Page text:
One of the common concerns patients have at the end of life is control of symptoms, with pain identified as their biggest fear.24 Despite advances in pain management and increased awareness of the need for pain control during the terminal phase of life, patients still suffer from undertreated or untreated pain.25–27 This failure to adequately treat pain causes a significant amount of stress.27
As stated earlier, good pain control can be achieved for most patients, and acute pain should be considered a medical emergency. Escalation of pain could represent a progression of patients’ terminal disease or an increased pain perception secondary to nonphysical causes such as psychosocial or spiritual issues.
When providing pain management, opioids are not the only option for providing pain relief. In fact, in certain cases such as bone pain, opioids are usually unable to provide adequate analgesia. In situations where musculoskeletal or bone pain is present, first-line therapy consists of nonsteroidal anti-inflammatory agents or corticosteroids. There are 2 distinct types of neuropathic pain. The first is continuous dysesthesias, which are characterized by continuous burning, electrical, or other abnormal sensations. The second is chronic lancinating or paroxysmal pain, described as sharp, stabbing, shooting, knifelike pain that often has a sudden onset. The current first-line treatment recommendation for the continuous dysesthesia type of pain is tricyclic antidepressants such as amitriptyline. For lancinating or paroxysmal neuropathic pain, first-line treatment options are the anticonvulsants, with gabapentin representing the best choice in this class.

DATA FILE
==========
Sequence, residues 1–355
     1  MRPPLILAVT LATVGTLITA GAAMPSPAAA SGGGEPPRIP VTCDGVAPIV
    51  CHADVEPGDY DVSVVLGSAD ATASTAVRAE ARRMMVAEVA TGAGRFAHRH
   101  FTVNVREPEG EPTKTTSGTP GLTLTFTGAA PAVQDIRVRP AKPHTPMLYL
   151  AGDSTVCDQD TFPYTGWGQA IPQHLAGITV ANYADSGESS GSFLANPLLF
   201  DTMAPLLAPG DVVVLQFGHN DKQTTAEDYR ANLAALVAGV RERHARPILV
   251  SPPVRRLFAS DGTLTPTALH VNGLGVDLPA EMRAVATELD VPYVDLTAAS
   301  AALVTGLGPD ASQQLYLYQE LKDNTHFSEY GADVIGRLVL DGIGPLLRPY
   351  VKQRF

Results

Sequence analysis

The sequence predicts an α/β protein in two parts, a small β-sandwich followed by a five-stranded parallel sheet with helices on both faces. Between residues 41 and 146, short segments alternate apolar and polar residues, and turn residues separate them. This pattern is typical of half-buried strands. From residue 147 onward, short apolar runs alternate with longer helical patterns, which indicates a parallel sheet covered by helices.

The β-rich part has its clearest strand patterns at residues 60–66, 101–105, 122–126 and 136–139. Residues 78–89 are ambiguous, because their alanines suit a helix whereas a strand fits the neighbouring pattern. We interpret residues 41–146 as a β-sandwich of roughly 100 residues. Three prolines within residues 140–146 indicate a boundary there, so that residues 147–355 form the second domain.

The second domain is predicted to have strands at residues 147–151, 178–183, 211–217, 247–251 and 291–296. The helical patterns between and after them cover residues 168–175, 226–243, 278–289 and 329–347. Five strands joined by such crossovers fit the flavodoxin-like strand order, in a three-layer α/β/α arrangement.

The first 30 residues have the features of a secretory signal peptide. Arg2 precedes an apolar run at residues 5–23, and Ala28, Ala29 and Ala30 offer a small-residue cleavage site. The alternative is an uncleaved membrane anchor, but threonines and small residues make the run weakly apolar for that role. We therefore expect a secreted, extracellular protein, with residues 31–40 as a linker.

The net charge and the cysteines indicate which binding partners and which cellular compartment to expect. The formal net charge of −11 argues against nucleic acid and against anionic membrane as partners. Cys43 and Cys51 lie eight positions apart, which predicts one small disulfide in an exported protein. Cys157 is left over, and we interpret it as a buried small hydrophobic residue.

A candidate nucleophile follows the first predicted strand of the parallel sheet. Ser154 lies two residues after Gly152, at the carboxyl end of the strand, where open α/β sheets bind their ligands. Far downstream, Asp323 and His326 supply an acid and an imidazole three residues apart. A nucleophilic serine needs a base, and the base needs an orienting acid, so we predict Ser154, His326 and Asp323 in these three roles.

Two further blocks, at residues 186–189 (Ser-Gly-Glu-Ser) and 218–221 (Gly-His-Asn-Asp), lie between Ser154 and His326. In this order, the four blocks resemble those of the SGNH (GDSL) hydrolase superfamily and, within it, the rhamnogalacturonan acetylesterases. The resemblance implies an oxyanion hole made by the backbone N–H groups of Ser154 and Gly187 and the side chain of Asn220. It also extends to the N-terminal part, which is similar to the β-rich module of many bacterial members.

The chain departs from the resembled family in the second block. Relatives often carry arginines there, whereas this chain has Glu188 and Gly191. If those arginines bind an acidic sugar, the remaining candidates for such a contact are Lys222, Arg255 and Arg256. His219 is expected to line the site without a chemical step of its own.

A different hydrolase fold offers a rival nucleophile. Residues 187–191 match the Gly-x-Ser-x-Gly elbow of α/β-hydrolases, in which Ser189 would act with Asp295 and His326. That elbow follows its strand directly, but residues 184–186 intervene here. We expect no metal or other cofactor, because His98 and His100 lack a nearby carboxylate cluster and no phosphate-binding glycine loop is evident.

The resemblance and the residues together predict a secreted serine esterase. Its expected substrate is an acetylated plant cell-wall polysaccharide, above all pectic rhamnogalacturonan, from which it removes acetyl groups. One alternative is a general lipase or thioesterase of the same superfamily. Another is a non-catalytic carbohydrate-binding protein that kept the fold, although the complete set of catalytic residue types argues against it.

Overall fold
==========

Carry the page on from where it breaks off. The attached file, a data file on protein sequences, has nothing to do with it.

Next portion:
In pain management at the end of life, addiction should not be an issue. The philosophy of providing comfort during this time period is the same regardless of any current or past history of addiction. The mechanism for pain management, however, does differ. The recovering or active addict may require more opioids to control pain because of increased opioid tolerance than those who do not have a history of addiction. Another concern is whether escalation of opioid requirements for pain control is related to disease progression or a sign of substance abuse. This escalation can be controlled to some extent by providing only a specific amount and number of pain medications with strict dosage instructions and establishing a contract with the patient and family concerning these issues. If substance abuse or diversion of controlled substances does occur, a frank discussion concerning these issues needs to be performed with the understanding that these behaviors are not acceptable. Pain control is obtainable in patients with addictions, but it needs to be a collaborative effort between physicians and patients.